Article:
A limit order specifies at what price you will buy or sell your stock. You can place a buy limit order with a specific price you want to pay for the stock, and your order will be executed if the stock hits the price that you set. Likewise, you can place a sell limit order with a minimum price you want to sell your stock, and your stock will be sold if the price of the stock hits that limit price.

The order only takes place if your limit price is hit. If the price that you set is not reached, you your limit order will not be executed.

How do Limit Orders Work?

Here’s how a limit order works.

Let’s say, for example, a stock’s current price is $150 per share, but you feel like it will go down. You only want to buy the shares when the stock drops to $140 per share. You can set up a buy limit order and if the stock drops to $140 or lower, your order is immediately executed. If it never reaches the target price, then you won’t buy the stock.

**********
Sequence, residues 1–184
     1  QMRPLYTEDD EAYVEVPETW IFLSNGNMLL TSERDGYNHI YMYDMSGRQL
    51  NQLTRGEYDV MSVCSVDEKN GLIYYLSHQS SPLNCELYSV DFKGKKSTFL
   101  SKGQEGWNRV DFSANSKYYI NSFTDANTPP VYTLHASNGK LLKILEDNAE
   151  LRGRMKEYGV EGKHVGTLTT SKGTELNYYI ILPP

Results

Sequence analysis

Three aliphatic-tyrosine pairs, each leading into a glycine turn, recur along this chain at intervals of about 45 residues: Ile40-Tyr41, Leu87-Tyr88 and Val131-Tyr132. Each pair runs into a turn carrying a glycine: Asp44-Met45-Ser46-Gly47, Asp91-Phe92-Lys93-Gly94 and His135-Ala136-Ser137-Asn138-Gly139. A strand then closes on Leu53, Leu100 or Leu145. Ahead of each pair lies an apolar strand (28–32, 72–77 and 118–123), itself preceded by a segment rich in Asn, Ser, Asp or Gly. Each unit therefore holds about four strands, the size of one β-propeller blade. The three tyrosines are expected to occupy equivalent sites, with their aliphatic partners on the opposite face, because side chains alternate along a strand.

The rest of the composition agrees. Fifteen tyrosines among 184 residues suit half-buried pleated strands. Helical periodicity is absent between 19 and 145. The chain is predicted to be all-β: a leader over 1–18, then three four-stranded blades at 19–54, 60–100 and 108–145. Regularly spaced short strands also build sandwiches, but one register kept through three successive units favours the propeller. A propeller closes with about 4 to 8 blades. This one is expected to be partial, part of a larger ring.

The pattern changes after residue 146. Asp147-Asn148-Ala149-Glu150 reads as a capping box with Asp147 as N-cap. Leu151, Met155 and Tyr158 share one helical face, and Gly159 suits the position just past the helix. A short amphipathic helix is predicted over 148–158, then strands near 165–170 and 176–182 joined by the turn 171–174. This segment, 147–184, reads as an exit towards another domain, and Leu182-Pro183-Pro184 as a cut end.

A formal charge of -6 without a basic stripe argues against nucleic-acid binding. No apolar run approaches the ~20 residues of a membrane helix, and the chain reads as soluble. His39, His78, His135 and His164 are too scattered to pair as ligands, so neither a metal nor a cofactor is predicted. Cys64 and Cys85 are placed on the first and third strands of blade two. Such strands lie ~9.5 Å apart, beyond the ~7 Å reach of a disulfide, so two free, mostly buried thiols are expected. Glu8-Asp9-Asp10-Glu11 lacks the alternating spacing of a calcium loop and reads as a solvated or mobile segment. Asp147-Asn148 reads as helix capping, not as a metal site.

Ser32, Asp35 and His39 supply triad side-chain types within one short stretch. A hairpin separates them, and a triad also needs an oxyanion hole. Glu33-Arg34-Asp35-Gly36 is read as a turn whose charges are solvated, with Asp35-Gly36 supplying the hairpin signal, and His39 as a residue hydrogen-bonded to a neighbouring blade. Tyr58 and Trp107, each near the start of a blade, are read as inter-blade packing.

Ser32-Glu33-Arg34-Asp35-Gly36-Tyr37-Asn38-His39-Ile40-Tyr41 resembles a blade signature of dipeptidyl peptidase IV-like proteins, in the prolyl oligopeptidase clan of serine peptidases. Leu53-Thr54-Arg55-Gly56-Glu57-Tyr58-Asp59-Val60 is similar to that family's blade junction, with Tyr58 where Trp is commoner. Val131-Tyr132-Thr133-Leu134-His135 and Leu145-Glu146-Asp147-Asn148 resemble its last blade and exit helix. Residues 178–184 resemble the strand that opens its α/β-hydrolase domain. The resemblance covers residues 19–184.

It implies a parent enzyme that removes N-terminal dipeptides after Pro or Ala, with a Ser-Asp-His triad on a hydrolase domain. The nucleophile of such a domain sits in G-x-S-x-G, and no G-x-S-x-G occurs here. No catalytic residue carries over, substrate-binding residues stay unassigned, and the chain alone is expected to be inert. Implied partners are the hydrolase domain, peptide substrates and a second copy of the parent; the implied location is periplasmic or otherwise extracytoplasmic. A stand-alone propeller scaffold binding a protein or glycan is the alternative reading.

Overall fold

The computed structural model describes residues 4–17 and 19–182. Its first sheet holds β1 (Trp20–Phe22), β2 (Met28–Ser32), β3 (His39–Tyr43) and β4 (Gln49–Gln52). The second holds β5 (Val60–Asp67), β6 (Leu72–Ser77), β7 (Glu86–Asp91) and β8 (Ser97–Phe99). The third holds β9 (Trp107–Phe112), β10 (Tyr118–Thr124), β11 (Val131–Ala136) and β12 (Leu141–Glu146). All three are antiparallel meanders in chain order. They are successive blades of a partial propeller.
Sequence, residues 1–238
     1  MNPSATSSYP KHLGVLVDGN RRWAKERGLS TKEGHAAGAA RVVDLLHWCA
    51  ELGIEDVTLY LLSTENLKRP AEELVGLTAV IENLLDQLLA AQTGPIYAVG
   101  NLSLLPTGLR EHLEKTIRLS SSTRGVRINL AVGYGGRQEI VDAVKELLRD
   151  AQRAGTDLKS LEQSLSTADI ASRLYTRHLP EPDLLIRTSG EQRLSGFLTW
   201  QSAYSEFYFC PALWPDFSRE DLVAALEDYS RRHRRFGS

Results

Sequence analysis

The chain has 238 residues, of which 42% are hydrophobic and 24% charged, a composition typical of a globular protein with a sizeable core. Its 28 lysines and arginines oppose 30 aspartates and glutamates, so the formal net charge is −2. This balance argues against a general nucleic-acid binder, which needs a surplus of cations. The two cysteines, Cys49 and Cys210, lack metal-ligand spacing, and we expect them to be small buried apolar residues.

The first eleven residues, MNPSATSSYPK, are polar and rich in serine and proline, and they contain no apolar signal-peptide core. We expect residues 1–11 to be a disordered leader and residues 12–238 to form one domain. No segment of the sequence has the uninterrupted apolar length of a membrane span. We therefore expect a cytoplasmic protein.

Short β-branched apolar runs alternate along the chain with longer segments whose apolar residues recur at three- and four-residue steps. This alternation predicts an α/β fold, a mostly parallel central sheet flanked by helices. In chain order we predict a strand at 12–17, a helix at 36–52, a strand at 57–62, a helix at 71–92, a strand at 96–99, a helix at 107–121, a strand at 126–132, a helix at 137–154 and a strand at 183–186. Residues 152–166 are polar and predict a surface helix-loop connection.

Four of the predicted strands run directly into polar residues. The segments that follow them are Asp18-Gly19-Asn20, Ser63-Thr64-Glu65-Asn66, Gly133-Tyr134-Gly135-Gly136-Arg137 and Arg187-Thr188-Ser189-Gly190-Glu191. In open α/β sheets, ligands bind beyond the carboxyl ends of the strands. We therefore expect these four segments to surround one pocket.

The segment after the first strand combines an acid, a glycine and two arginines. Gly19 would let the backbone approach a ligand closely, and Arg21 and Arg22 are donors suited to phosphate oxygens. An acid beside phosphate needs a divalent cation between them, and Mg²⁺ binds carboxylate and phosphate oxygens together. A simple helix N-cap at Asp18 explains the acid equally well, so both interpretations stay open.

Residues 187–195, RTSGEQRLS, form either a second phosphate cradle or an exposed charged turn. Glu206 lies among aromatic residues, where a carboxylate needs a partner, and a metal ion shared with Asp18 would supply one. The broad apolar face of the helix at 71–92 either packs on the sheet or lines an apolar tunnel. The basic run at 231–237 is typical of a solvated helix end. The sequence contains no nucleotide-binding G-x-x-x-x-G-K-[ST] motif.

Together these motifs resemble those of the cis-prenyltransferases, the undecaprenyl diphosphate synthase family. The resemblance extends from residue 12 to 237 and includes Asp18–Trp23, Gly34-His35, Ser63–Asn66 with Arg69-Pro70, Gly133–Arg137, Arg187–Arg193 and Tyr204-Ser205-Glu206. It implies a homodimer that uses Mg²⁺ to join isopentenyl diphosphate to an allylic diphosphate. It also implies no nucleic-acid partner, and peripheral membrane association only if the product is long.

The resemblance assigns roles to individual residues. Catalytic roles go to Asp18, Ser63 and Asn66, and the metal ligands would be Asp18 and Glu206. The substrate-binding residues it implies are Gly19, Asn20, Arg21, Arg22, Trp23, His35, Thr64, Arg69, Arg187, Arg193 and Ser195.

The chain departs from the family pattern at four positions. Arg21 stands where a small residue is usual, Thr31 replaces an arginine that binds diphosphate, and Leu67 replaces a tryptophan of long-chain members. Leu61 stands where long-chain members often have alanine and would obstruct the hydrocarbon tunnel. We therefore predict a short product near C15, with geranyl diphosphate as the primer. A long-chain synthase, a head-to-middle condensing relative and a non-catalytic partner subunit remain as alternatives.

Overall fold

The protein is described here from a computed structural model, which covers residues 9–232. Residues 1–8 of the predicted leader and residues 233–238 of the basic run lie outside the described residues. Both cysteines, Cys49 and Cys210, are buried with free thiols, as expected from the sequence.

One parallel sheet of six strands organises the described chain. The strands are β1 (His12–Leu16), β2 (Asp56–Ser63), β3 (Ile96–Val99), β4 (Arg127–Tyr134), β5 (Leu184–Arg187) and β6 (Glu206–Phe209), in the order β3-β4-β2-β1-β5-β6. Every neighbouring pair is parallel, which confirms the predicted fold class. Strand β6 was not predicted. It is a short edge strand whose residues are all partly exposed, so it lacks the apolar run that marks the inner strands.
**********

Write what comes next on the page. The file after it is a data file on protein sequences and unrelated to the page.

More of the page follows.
You can also place a sell limit order. You’d do this if you think the price of the stock will increase and you don’t want to sell at the current market price. Using our above example of stocks at $150 per share, let’s say you think the stock will increase to $160. You can set up a sell limit order at $160. This means that you’ll continue owning the stock until it goes up to $160 or higher. When the stock hits $160 or higher, your limit order will be executed.